T2DXX - What PWD Do to Manage Their Type 2 Diabetes

What PWD Do to Manage Their Type 2 Diabetes

It’s not surprising that community members tell us that Type 2 diabetes (T2D) can be exceptionally challenging to live with. It can require near-constant attention to detail, meticulous meal planning, and regular monitoring of insulin levels. It doesn’t help that it can be impacted by a variety of factors, like stress, diet, and sleep patterns. Any combination of these can impact blood glucose levels in mild to moderate ways. It can feel like there’s no escape!

That may not be what newly diagnosed people want to hear, but, believe it or not, managing our lifestyles can actually make a huge difference. It sounds trite and like an over-simplistic solution. But with close enough attention to detail (taxing in its own right), careful eating, and a few other tricks here and there, there’s a pretty chance to keep our T2D under control.

Based on feedback we’ve gotten from the community, there are five focal points for managing T2D:

1.Test. Test. And Test again. The first step in managing T2D is testing and monitoring our blood glucose levels. Depending on several factors, we may need to test anywhere from a few times a day, to one every other day, and anywhere in between. Learning how your body works and responds is critical to finding out what might work for you. Testing is the frontline data that can put you in control.

2. Food. Food. And more Food. Planning regular meals helps regulate and maintain good blood glucose levels, and a meal plan – either made on our own or with a nutritionist or a dietician –  is an asset when it comes to making food choices in restaurants or preparing meals at home.

There are tons of great apps available to PWDs that can help track everything from calories to nutritional values. People say these are incredibly helpful tools because it’s just one less thing to have to store in our brains.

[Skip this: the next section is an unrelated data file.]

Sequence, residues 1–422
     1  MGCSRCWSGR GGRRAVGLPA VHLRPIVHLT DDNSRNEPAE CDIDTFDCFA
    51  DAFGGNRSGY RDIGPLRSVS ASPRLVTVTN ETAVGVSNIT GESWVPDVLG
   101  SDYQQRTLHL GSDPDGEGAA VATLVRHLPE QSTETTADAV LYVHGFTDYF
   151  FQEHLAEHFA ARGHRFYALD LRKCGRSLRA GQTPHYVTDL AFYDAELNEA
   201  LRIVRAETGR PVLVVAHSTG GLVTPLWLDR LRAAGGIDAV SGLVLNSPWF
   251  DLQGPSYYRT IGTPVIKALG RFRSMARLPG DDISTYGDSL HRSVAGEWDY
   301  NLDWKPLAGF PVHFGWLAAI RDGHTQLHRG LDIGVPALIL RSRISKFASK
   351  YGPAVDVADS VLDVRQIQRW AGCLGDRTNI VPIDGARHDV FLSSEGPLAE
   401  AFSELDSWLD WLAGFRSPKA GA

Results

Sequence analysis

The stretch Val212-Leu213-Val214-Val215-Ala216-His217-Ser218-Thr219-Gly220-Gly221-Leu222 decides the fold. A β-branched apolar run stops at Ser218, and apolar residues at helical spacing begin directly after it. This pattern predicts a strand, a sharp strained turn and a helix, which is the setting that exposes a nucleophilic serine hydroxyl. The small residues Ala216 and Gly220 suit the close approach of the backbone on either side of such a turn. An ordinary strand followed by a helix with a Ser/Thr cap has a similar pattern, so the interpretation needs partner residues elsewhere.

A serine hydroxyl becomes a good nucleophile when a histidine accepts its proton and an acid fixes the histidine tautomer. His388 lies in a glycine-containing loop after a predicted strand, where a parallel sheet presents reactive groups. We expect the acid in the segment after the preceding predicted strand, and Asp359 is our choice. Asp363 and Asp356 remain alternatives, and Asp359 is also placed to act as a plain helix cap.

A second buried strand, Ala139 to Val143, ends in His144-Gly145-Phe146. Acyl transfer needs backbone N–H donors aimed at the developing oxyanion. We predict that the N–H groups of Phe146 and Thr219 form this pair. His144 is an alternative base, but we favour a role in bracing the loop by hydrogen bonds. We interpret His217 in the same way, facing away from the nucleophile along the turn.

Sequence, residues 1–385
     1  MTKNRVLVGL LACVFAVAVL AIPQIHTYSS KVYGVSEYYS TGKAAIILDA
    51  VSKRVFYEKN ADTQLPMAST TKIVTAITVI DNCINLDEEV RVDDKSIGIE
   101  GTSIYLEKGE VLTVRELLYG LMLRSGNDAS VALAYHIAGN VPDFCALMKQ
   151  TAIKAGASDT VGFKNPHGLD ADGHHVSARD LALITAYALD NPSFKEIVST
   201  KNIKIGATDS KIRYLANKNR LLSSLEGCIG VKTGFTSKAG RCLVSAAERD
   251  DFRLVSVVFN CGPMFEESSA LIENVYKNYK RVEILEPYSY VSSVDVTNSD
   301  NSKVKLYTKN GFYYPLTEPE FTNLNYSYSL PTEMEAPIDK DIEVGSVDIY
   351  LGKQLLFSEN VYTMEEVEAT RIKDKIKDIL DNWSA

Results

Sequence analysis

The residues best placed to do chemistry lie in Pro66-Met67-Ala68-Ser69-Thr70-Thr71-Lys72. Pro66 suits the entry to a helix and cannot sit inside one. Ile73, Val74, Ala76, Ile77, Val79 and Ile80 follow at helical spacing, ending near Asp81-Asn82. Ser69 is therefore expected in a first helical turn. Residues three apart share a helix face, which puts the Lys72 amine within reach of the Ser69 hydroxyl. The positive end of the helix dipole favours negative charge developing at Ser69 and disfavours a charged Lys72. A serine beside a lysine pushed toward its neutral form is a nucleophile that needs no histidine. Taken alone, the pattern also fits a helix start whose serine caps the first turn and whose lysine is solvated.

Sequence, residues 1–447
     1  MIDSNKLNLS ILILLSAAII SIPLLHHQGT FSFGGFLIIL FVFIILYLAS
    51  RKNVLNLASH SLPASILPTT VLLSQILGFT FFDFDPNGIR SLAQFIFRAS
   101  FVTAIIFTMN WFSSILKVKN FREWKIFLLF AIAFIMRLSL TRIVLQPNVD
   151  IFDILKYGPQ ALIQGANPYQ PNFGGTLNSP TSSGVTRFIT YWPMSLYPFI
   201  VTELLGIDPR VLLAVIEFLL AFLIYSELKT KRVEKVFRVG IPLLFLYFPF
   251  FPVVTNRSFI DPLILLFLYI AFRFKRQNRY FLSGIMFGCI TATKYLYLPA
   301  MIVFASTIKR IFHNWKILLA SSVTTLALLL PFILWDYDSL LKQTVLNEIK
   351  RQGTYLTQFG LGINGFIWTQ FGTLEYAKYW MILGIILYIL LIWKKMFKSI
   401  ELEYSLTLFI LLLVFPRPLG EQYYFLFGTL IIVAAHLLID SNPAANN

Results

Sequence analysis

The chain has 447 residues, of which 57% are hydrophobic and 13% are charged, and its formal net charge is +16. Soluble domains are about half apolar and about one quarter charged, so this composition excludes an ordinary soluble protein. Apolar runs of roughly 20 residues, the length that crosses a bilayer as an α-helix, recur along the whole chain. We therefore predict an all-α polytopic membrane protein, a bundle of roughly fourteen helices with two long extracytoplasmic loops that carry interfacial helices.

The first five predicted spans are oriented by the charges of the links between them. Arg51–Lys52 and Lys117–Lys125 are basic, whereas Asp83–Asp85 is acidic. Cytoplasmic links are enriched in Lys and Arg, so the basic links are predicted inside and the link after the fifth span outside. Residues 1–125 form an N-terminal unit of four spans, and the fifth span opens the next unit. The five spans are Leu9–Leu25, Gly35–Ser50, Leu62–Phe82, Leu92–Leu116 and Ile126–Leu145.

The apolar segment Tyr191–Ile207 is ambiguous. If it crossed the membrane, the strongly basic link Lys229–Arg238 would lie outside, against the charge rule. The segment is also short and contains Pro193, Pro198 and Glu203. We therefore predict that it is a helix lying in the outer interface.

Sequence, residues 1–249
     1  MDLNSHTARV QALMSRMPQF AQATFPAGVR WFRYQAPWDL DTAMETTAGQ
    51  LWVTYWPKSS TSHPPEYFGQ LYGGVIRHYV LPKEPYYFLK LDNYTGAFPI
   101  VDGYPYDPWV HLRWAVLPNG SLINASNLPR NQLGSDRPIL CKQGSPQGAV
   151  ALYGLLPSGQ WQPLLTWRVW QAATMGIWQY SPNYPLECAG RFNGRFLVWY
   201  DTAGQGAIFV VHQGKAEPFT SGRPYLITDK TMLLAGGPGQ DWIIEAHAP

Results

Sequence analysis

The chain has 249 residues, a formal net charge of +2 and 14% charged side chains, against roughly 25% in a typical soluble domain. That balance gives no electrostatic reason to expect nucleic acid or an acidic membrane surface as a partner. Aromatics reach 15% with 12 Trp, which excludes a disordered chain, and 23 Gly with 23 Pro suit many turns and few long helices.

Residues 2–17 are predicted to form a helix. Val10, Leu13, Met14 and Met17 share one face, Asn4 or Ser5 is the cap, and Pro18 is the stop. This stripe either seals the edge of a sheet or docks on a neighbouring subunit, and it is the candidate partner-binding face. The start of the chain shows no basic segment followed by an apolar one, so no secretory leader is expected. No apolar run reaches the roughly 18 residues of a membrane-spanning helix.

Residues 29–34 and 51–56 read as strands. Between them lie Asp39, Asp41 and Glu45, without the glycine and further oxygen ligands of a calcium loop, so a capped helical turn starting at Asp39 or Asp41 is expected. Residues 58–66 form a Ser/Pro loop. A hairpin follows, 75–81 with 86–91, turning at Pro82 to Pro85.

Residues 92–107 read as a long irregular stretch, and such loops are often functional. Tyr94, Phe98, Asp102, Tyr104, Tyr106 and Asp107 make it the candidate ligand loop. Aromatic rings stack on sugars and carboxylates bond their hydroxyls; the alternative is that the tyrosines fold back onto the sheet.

3. To sweat or not to sweat. Increased activity levels help to make a difference in terms of how your body processes carbs and sugars. This doesn’t necessarily mean hitting the gym. Many people tell us they won’t go to a gym, having spent years suffering from stigma and shaming because their bodies don’t fit that culture. Instead, some do a 30-60 minute walk three times a week. That alone can help lower blood sugar, increase heart health, help insulin do its job, and lower blood pressure. Some go dancing – salsa, ballroom, hip hop, ballet – or go to Virtual Reality arcades to play action games or skill tests like hockey goalie and fencing. Since muscle processes insulin more efficiently, building muscle mass might help the body. If weight training isn’t your thing, try taking the stairs instead of the elevator, go kayaking, or shovel snow (always a fan favourite).

Increased physical activity creates more energy during the day, decreases stress and fatigue, improves sleep patterns, and lowers  risk of other complications associated with diabetes, like heart disease.

T2DXX - What PWD Do to Manage Their Type 2 Diabetes

4. Catch some z’s. Sleep apnea and stress can be a major problems for PWDs. These issues can weaken our immune systems and compromise how our body processes food, impacting your blood sugar levels.

See your doctor about sleep apnea as they can provide you with all the options available for treatment which include surgery or devices like a Continuous Positive Airway Pressure (CPAP) system, which you wear while asleep. If you sleep with a partner, be sure they’re aware of your condition. It’s well known that they can suffer as well, impacting the quality of their sleep. This can lead to emotional and relationship issues which are the last thing you want to add to your plate.

5. Diabetes is stressful. Full stop. Stress management is difficult for everyone. It’s important to try and find things that relax us. It may sound cheesy, but yoga, meditation, and deep breathing are excellent options at managing stress, and they happen to be inexpensive if you’re doing them at home. Look online for tutorials and videos on both. Ultimately, we have to find whatever works for us. One of our members told us he reads Shakespearean plays while listening to Led Zeppelin’s “Stairway to Heaven”.


How do you manage your T2D? What works or doesn’t work for you? Please share with us on our Facebook page.

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2018-09-19T12:45:23+00:00September 19th, 2018|Emotions, Family, Managing, Patient-Centered|

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